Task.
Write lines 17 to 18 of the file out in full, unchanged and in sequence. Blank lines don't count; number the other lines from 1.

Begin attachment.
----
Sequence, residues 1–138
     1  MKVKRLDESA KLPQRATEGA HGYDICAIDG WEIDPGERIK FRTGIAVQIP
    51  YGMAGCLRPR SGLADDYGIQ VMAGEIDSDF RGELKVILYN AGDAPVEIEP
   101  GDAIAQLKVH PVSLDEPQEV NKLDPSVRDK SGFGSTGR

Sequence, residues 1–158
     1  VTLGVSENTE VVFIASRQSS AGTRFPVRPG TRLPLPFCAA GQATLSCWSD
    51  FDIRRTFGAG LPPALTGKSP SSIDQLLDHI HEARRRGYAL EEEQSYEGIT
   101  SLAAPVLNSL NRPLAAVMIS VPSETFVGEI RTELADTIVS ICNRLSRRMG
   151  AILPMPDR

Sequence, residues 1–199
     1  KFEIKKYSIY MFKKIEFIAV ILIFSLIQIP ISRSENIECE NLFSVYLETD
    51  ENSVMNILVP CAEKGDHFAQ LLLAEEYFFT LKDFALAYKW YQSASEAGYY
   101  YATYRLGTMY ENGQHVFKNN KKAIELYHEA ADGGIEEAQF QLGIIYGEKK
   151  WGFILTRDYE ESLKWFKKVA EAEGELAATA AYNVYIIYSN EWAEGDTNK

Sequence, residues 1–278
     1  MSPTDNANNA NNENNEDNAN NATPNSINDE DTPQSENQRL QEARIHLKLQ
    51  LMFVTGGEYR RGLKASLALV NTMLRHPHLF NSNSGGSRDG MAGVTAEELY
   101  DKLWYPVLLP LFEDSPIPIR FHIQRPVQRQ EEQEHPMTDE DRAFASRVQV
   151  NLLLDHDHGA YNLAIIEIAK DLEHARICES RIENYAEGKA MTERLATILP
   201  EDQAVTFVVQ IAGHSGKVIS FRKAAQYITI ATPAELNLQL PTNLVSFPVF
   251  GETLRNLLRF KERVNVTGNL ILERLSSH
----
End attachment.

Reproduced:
    51  LMFVTGGEYR RGLKASLALV NTMLRHPHLF NSNSGGSRDG MAGVTAEELY
   101  DKLWYPVLLP LFEDSPIPIR FHIQRPVQRQ EEQEHPMTDE DRAFASRVQV